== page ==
Private Nonoperating Foundations and Supporting Organizations

By Lepkowski, Sonja | The CPA Journal, June 2005 | Go to article overview

Private Nonoperating Foundations and Supporting Organizations


Lepkowski, Sonja, The CPA Journal


Many charitably inclined individuals form private nonoperating foundations (PNOF) funded with long-term qualified appreciated stock (QAS). QAS includes any stock that is capital gain property and for which market quotations are readily available on an established securities market. The donor receives a charitable deduction for the fair market value of the QAS contributed and does not have to pay a capital gains tax on the appreciation. The PNOF will pay a maximum excise tax of 2% on the appreciation upon the sale of the QAS, using the donor's cost.

Donors can also form a supporting organization (SO) to satisfy other charitable intentions. While both PNOFs and SOs are exempt under IRC section 501(c)(3), SOs fall under the public charity guidelines of IRC section 509(a)(3) because of their relationship with other public charities under section 509(a)( 1 ) or (2). As a result, cash contributions made to a PNOF are limited to 30% of the donor's adjusted gross income (AGI), while cash contributions made to an SO are limited to 50% of the donor's AGI. Contributions of QAS made to a PNOF are limited to 20% of the donor's AGI, while contributions of longterm capital gain securities (not just QAS) made to an SO are limited to 30% of the donor's AGI.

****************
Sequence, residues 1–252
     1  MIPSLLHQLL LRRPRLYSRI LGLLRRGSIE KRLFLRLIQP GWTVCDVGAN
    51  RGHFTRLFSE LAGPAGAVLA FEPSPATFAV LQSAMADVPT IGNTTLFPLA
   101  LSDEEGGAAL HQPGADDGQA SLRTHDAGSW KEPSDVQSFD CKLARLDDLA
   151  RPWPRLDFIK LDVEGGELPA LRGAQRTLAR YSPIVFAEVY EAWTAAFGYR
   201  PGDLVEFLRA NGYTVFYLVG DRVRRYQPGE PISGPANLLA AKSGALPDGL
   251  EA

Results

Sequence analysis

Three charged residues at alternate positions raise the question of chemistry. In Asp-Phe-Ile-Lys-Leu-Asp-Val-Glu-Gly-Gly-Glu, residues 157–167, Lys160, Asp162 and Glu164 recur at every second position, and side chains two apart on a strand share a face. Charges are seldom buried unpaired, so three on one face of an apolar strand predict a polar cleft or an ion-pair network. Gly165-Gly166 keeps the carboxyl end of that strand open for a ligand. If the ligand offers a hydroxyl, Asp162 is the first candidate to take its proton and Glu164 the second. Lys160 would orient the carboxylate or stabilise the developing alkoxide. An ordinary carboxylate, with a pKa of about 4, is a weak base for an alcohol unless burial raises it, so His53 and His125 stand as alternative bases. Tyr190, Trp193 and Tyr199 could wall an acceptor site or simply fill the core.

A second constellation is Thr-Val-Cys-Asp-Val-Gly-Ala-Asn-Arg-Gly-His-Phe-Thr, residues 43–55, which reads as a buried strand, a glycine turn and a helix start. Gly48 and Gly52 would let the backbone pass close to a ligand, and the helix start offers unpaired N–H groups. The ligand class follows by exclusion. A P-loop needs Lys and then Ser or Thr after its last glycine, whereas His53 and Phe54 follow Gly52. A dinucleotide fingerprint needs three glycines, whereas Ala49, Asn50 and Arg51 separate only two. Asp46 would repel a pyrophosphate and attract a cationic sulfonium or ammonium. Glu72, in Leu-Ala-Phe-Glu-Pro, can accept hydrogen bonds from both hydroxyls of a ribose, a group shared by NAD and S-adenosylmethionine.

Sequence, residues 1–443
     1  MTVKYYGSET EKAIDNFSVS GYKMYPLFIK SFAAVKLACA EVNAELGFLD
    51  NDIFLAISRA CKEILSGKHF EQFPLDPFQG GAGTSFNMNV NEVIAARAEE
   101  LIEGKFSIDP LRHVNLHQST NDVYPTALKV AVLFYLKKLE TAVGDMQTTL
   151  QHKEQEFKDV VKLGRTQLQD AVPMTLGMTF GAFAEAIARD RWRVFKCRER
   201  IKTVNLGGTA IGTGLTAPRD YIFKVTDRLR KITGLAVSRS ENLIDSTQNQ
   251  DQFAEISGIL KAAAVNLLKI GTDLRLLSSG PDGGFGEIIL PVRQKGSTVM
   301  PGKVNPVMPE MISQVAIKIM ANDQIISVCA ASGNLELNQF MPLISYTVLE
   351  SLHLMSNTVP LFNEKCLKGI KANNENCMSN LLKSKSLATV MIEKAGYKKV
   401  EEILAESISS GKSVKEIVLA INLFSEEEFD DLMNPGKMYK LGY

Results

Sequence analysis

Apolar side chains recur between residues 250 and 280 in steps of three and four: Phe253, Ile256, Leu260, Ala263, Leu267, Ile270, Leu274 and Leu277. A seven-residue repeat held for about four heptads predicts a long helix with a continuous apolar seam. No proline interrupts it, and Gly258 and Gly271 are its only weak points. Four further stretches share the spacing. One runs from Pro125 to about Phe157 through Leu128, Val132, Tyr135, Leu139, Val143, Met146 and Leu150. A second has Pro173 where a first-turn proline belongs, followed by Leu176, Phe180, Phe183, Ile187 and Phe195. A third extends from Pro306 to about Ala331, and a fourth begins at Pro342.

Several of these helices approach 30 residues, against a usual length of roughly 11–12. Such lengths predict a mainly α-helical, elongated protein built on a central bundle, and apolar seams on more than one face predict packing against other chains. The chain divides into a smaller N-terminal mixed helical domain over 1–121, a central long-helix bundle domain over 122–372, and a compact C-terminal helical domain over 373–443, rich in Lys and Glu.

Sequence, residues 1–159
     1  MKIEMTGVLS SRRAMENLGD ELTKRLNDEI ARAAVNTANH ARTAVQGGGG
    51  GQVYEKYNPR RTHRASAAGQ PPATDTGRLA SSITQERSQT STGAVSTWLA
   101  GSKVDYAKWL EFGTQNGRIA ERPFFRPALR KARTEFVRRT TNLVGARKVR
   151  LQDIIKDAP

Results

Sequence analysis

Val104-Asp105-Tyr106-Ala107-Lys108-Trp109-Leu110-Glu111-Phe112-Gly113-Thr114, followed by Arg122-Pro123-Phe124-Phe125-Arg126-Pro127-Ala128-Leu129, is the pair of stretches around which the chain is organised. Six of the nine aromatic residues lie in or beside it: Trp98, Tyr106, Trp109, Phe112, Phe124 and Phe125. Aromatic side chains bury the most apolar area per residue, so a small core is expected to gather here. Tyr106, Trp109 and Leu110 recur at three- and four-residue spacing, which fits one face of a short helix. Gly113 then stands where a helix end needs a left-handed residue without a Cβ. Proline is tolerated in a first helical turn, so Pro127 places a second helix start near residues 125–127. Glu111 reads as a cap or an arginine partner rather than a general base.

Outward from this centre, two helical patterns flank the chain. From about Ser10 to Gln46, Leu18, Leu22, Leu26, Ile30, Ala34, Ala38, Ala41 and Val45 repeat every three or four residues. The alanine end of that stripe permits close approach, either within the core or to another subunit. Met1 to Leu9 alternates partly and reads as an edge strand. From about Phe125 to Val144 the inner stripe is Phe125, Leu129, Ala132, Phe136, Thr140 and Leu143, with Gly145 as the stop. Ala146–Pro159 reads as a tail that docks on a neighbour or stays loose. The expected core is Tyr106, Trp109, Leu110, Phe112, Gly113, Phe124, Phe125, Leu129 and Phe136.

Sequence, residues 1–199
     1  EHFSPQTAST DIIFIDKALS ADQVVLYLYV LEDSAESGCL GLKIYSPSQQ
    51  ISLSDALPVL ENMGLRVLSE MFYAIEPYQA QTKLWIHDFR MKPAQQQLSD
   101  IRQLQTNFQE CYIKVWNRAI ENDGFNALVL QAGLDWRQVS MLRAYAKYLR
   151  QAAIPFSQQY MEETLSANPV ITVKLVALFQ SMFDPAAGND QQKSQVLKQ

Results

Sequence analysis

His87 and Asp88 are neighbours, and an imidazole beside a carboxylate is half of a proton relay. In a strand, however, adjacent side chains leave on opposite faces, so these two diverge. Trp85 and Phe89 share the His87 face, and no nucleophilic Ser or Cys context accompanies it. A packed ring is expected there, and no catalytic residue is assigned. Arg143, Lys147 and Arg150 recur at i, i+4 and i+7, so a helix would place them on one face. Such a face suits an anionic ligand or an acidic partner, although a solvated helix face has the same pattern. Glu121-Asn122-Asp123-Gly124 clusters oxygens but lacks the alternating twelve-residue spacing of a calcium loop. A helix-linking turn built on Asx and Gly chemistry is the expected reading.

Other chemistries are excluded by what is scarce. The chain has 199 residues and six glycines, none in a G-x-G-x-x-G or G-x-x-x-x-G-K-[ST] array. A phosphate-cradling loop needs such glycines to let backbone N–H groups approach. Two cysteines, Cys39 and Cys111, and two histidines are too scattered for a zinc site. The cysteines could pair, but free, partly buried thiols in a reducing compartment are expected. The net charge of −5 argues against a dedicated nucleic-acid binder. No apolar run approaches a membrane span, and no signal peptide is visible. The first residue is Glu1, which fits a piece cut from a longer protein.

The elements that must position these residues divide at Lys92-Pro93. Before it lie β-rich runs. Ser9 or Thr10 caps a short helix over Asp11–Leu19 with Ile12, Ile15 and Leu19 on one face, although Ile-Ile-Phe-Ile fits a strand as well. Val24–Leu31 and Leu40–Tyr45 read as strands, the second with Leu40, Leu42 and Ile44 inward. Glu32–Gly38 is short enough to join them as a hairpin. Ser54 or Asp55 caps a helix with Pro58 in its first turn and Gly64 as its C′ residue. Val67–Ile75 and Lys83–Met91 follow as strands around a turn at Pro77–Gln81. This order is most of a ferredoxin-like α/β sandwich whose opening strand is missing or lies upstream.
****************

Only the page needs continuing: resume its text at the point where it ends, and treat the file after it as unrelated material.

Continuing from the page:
To receive the same percentage limitations as contributing to a public charity or an SO, a PNOF can elect pass-through status, which is the same as being treated as a public charity for that year. Private pass-through foundations are described in IRC section 170(b)(1)(E)(ii). They must distribute to public charities all of the contributions they receive during the year-including the current year's distributable amount and the prior year's undistributed amount, if any-no later than two-and-a-half months following their year-end. If the PNOF has excess distributions from prior years, it can use that amount toward the required distribution amount.

Advantages

Why would a donor with an existing PNOF form an SO? Donors to an SO can make a charitable contribution using a higher percentage of AGI, are not subject to the excise tax on net investment income, and do not need to make minimum qualifying distributions of at least 5% of the average investment asset value annually. In addition, an SO is not restricted in holding more than 20% (35% in some circumstances) of a single business enterprise, which is a restriction for PNOFs. Finally, an SO is not subject to self-dealing rules applicable to PNOFs but is subject to intermediate sanctions.

If a donor owns securities other than QAS, the only way to secure a deduction for the fair market value of those securities is to: 1 ) give them to public charities; 2) give them to an SO; or 3) elect pass-through status for the PNOF. An appraisal is required if the security is not tradable on an established securities exchange (such as the donor's personal holding company).

Finally, an SO may be a foreign organization as long as it qualifies as a publicly supported entity. …

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